Randosteve skis above Cierva Cove. Photo: Scott Fennell.
In my world, and any other fan of backcountry skiing, today was a day dreams are made of. After being cooped up on the Clipper Adventurer for two days crossing the Drake Passage, the clouds parted and the winds eventually mellowed to allow for an amazing day skiing above the ocean and amongst glaciers under brilliant blue skies.
On the zodiac heading away from the Clipper Adventurer.
The day started a bit on the windy side but the seas were calm, which allowed for an easy, stress free and dry commute in the zodiacs from the mother ship to the snow in Cierva Cove. One by one, skiers and riders were transported to the shore and began skinning upward. My group started upward in the same fashion and then booted up a short couloir which brought us to the top of a peak in the middle of some of the most amazing views on this planet of ours.
Thomas Laakso and Glen Poulsen skinning in Antarctica.
Though we were at the bottom of the globe, we felt like we were on top for the world and our cheeks hurt from the endless smiles and grins we had on our faces. The snow sucked, frozen and crusty, but really…it didn’t matter one bit as we carved tracks on the southern most continent and we hacked out way down the couloir.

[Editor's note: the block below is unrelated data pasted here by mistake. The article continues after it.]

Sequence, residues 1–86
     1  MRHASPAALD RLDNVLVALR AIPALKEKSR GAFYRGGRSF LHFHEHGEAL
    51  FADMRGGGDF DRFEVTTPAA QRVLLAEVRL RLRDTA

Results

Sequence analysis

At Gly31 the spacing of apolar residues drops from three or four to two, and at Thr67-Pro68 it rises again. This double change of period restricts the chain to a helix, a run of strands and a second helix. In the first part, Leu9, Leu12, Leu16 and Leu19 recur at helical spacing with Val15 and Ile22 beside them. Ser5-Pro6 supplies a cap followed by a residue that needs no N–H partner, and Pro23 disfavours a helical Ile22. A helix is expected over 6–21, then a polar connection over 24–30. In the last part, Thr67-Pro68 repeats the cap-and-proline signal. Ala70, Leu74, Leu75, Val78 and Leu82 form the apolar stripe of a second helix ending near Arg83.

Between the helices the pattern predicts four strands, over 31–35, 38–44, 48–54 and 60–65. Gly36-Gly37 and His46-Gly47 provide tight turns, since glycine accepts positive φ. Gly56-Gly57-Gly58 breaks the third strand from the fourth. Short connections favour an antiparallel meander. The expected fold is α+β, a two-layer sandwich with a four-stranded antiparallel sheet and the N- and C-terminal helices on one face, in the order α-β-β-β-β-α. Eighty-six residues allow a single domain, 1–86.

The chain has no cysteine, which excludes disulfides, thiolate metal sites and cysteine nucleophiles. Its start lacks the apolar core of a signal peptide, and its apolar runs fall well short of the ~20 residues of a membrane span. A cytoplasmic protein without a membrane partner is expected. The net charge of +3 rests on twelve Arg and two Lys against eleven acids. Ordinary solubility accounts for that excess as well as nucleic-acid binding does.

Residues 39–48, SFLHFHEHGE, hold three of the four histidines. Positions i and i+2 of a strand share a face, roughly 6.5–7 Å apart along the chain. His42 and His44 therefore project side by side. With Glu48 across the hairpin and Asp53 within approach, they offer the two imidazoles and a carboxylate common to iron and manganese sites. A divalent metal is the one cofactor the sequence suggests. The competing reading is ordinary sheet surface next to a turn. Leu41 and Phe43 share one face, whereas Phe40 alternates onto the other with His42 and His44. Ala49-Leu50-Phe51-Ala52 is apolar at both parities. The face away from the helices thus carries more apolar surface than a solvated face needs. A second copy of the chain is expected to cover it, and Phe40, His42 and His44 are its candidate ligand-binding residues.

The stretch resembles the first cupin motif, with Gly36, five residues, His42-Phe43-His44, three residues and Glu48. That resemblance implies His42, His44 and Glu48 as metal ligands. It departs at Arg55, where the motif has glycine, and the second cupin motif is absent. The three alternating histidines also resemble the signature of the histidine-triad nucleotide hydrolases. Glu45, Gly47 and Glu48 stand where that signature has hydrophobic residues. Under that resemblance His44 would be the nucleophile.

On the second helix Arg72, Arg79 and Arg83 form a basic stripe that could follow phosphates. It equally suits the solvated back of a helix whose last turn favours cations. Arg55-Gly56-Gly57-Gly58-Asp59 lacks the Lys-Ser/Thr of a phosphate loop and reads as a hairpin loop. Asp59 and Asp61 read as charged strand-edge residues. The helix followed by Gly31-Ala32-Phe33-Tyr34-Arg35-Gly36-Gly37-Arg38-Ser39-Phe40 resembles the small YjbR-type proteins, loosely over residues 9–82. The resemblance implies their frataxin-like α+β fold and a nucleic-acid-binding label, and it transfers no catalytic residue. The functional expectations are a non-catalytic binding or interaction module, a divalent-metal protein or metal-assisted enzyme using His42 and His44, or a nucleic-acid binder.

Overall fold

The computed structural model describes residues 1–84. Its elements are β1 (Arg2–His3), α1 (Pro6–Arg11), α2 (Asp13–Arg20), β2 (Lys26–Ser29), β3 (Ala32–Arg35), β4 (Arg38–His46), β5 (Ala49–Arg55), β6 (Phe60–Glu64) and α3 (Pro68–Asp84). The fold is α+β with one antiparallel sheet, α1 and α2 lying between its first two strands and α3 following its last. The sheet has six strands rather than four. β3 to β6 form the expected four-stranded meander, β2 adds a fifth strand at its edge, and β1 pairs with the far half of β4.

Steve Romeo skis a chute above Cierva Cove. Photo Scott Fennell.
Continuing further, we skied an open face in front of deep blue crevasses on a distant glacier. A blue that was hard to capture on film, but quite mesmerizing non-the-less. Wanting more vertical, we cut towards the skier’s right and found a slot that brought us down to spot just a few feet above the sea. Skiing right down the ocean was a first for me, and a very memorable moment that I will cherish for a long time…if not forever.
Kellie Okonek rips in front of an Antarctic glacier.
After booting up a few hundred feet, we transitioned back to skins and continued to the highpoint of the area. Chatter on the radios noted that the tide was heading out, making it more and more difficult for the zodiac landings on shore and signaled the end of the ski day. Riding in the bow, I kicked back and absorbed a much as I could of where we just were, and though I was on cloud nine, it became ingrained in my brain.
Thomas Laakso boots above the ocean in Antarctica.
We are all now back on the ship, drinking beer and planning the next day’s ski day. We are headed to Anvers Island tomorrow, home of the US Palmer Station scientific base, and 2 hour cruise southward. Hopefully the weather will hold and we can experience bliss once again.